Expectations mixed as China's third plenum meeting begins
As about 400 of the nation's most powerful people meet in Beijing today for a key Communist Party meeting, hopes are high and the stakes huge. But clarity will probably be painfully lacking.
The tortuous name of the meeting itself - the third plenary session of the Communist Party's 18th Central Committee - baffles most people. Historically, landmark changes have been set in motion at the meeting.
Already, some are comparing this four-day session with the ones in 1978, when Deng Xiaoping kick-started the open-door reforms, and 1993, when then-premier Zhu Rongji endorsed the "socialist market economy".
The optimism seems to stem from the launch of the Shanghai Free Trade Zone and the release of a proposal, dubbed "383", by the Development Research Centre of the State Council.
The blueprint, written by President Xi Jinping's reform-minded adviser, Liu He , and former premier Zhu's secretary, Li Wei , carries political clout and listed several goals, including the internationalisation of the yuan within a decade and the liberalisation of interest rates within three years. But while these hint at the meeting's general thrust, it is still very much guesswork.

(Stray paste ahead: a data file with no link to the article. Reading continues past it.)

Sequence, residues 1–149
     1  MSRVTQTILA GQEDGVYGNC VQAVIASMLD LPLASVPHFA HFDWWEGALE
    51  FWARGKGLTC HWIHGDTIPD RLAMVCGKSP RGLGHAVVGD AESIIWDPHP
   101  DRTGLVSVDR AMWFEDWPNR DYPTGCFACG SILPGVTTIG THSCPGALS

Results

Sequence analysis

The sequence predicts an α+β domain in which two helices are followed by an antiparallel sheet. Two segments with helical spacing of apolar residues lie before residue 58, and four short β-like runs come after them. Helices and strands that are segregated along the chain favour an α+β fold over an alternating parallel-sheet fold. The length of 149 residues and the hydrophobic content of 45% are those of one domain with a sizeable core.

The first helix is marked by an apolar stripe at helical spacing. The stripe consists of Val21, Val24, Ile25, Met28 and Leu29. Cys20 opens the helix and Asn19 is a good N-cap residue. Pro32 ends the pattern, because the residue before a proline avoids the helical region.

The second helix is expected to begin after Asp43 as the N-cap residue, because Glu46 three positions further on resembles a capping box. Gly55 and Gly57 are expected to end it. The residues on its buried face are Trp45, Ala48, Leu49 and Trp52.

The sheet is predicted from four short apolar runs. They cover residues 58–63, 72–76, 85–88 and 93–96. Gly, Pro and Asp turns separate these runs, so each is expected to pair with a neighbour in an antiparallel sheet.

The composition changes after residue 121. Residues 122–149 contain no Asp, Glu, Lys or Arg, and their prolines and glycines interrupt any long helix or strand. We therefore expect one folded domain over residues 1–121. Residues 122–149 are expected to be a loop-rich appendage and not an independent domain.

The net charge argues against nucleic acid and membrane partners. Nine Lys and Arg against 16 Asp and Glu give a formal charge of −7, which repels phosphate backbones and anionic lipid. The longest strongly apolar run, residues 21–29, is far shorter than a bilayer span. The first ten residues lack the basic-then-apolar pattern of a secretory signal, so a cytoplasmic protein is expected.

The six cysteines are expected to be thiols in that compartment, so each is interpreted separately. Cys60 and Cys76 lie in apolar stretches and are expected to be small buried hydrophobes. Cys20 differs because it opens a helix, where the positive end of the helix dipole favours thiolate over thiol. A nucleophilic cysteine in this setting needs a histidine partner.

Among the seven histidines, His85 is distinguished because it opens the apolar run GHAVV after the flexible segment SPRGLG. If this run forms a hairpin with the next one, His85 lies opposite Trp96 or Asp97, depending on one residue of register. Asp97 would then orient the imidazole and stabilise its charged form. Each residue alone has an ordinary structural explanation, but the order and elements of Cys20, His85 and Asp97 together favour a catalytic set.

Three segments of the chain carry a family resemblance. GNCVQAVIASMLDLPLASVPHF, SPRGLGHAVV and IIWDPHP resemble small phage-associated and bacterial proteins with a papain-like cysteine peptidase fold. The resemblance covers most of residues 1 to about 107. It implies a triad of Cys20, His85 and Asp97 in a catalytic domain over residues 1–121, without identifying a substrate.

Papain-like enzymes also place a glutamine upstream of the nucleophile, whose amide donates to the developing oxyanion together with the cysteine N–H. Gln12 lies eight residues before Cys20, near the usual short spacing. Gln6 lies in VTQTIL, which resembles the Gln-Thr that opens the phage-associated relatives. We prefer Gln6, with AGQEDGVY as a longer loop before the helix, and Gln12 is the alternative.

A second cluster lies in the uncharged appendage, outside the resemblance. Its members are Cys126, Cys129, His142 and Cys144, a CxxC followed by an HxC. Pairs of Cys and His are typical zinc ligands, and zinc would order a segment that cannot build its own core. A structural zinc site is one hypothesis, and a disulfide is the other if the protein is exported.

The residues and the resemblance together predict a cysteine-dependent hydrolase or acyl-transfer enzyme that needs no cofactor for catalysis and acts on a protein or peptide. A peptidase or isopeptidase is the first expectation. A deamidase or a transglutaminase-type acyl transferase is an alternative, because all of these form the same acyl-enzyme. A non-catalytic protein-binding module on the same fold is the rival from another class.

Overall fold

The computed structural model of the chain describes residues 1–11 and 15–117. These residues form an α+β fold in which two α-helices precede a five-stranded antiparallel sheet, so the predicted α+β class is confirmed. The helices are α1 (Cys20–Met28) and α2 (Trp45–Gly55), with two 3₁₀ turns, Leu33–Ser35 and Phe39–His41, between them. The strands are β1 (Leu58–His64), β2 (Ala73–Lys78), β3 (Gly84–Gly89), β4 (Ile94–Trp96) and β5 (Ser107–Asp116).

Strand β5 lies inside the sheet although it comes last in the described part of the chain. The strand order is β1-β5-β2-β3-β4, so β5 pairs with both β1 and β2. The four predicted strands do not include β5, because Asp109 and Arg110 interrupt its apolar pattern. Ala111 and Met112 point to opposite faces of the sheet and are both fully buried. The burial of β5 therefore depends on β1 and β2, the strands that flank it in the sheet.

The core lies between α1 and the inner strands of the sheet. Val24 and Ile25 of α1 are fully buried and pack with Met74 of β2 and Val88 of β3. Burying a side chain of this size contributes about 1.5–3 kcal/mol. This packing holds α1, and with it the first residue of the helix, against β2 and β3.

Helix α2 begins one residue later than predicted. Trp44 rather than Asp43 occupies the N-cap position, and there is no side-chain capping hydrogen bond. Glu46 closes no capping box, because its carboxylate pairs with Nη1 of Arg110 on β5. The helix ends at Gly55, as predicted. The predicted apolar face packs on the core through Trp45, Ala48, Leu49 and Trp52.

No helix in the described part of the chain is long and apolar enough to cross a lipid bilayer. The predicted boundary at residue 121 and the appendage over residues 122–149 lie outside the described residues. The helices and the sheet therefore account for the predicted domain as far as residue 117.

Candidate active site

Thirty-five years since Deng's famous 1978 plenum that transformed China into the world's second-largest economy, the decision-making process at the top remains opaque. From now until the meeting ends on Tuesday, little information will be released to the public.
"Even if they are going to host a press conference, they would only be asked questions they already know are coming," said James McGregor, chairman of APCO Worldwide, China.
The meeting will set a general tone, with only some reforms receiving specific instructions for implementation.
Tracy Tian, vice-president of China strategy for Bank of America Merrill Lynch, said: "We have to look at whether the reform is about equality or productivity. If it's about productivity, making the pie bigger, then people will support it, but if it's about equality, redistributing the pie, then someone will … push back."
McGregor said foreign business leaders' patience was running out. "They [Chinese leaders] have to do something with a bit of a wild factor, because foreign businesses are feeling less and less welcome here."